Every human being and therefore every child is unique in their own way. Consequently, they will develop at their own rhythm, both physically and mentally, gaining and discovering skills and areas with which they feel at ease. Nutrition is one of the important factors in the growth of your child, as it most often determines whether their body is receiving essential substances required in this fragile stage of their development, as well as their later food preferences to a lesser extent. Recognizing the importance of dietary requirements in your child’s education should be one of the top priorities, reason for which devising your own infant feeding chart is advisable. This can help you keep tabs of what your baby was introduced to, what he or she already enjoys eating and where you need to focus your efforts so that they have a healthy and balanced diet. Introducing solids to your baby can be a tricky business, so here’s how you can make it easier…
Introducing solids – When?
Pediatricians indicate that the average period of time when a child is ready to be introduced to solid food is somewhere between the landmarks of 4 and 6 months. Of course, this is an estimation to which variations may apply – so there is no need for you to be concerned about it. Some health organizations find it easier to state that you should delay this timeframe up until they are 6 months of age. This is a decision that relies mostly on the fact that solid or formula usually replaces the tedious habit of nursing, although breast-milk is still vital for the infant’s physical health and digestive development. If you keep this in mind and allow breast-milk its deserved place as most important in the diet of a baby this age, you can slowly start to familiarize him or her with solid food. Moreover, there are some clues that you, as a parent, can look out for and that indicate that your baby is ready or willing to discover what else they can chew and has a good taste. Yum!
Some of the important growth milestones that have to be overcome by your child before introducing them to solid food are head control, losing the extrusion reflex (pushing food out of his or her mouth), chewing motions and teething, growing appetite and a curiosity about solid foods that you are enjoying. Introducing solid food before your child is 6 months old can also be risky, as some babies do not have throat and tongue muscles developed enough and the tongue thrust reflex might still be strong. As each infant develops at their own rate, if you do decide to introduce them to solids a bit earlier than 6 months, keep in mind the known allergens, as well as overfeeding.
One small bite for them, one big mouthful for their growth and evolution
Up until the age of 1 year, both formula and breast milk should be an important component of the infant feeding chart you’ve developed. Both of these contain important proteins for their growth, vitamins and antibodies for their health and are in liquid form, which means they are easily digestible.
Having established this, you can slowly introduce them to single-grain cereals, such as rice and oats, or delicious mashed fruits or vegetables. Some of the most known starter vegetables include sweet potatoes, squash, pumpkin, swede and carrots, whereas babies will most likely enjoy pureed apples, bananas, pears or plums. In order to ensure that your child has not been exposed to an allergen, but also to keep track of what he or she has tried, liked and disliked, solid food should be introduced one item at a time, with a couple of days break in between.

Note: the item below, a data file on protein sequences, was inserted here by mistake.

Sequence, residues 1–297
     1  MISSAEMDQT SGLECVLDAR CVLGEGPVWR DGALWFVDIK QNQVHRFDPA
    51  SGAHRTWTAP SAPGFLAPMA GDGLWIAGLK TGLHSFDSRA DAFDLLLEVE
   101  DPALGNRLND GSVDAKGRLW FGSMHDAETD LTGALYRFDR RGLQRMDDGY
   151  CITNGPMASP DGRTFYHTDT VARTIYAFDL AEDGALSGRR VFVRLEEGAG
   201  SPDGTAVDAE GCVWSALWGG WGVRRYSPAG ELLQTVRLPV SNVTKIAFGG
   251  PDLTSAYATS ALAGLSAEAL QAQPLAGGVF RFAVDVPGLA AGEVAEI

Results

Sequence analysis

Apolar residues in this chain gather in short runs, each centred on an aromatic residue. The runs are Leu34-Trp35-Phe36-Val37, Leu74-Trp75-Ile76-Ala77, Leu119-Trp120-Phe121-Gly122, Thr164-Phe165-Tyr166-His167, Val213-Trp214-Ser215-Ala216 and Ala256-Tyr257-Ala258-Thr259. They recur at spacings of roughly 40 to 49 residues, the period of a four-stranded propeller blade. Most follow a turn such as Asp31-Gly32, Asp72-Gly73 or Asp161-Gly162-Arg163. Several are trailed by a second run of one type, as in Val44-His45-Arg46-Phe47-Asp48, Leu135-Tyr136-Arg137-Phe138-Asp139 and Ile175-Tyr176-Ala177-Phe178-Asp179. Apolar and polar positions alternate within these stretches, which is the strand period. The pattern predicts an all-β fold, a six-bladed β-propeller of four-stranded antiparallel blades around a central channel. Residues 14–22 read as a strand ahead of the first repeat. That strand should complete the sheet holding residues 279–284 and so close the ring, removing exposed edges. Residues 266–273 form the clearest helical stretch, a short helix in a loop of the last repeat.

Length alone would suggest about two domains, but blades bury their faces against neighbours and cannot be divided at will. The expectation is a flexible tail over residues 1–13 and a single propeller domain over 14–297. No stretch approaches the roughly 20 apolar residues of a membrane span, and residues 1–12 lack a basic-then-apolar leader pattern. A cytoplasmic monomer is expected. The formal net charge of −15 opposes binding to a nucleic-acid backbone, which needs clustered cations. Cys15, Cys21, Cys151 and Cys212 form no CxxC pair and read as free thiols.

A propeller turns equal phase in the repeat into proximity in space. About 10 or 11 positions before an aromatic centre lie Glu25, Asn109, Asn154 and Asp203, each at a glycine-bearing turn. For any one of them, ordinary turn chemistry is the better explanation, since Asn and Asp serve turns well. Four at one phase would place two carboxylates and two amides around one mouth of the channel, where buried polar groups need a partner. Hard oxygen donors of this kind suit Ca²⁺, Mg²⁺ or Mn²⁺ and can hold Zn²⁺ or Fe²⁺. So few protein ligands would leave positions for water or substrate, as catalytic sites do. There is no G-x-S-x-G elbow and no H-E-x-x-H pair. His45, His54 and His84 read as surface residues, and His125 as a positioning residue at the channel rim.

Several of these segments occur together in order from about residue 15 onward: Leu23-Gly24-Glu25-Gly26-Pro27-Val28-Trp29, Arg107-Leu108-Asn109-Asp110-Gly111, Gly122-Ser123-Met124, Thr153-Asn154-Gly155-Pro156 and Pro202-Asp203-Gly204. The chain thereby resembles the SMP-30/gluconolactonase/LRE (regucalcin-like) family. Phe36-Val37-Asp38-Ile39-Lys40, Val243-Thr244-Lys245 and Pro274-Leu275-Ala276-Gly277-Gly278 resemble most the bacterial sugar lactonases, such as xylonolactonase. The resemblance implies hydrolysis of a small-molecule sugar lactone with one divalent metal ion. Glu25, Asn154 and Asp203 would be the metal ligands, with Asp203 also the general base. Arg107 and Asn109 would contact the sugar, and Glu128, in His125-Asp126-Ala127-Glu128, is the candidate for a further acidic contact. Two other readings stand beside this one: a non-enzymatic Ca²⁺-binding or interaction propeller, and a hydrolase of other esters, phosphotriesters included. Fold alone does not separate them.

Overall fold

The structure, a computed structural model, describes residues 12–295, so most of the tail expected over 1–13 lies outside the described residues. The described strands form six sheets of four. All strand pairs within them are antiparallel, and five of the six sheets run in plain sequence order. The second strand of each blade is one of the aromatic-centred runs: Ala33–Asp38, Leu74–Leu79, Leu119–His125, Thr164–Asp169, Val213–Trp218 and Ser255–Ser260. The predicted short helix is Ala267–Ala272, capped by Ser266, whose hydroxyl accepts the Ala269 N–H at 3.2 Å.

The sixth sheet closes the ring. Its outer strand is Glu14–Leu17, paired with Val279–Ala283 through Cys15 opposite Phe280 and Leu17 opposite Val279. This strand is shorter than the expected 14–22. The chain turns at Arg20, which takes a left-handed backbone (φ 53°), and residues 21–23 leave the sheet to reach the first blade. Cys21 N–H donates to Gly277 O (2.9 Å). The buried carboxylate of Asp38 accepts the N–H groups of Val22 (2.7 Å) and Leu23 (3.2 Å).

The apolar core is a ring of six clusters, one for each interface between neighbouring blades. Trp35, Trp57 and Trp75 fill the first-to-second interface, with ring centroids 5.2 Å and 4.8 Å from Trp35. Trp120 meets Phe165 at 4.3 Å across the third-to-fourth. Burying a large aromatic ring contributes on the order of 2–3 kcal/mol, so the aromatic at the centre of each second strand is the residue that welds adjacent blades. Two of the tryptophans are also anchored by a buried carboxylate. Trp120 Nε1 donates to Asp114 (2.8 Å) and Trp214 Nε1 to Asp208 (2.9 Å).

It is important that this new experience is introduced at a time when they are most comfortable, after a serving of formula or breast-milk. Never force them to eat it and always use plastic tableware to protect them from eventual injuries. When trying to offer your child cereal, you can mix it with some formula, but abide by the standard sitting at a table and eating with the spoon, as it will facilitate their learning the upright, healthy position for eating. Start slow, with one offer of solid food per day, whenever it seems that it’s more convenient for them. In time, you can increase it to more times a day, as they will become more interested in discovering what else is yummy. In this manner, solid food will most likely be associated with positive emotions, rather than negative ones and you can transform this experience into a warm, constructive practice with your son or daughter.
In a nutshell, it is more advisable to introduce solid foods in your baby’s diet closer to the 6 month marker, gradually and varying the types as much as you can. Breast milk and formula should still be an important part of their everyday meals until they reach one year of age. Try to stay away from known allergens, such as lactose, wheat grain, corn, egg or various types of nuts, which you can gradually introduce in their diet after the 1 year milestone has passed, with at least 3 days in between to confirm the lack of side-effects. Introducing solids and finger foods in your baby’s infant feeding chart is a mutual experience. You should observe their development, look out for clues that indicate they can handle chewing and mastication and make it an enjoyable experience. Never force-feed your baby, as they will most likely lose interest as a sign of lack of appetite – appetite can vary a lot at this stage of their development.
The process will naturally require your patience at first, but it will gradually improve, your baby will enjoy new tastes and sensations and you will feel proud of being a responsible and caring parent!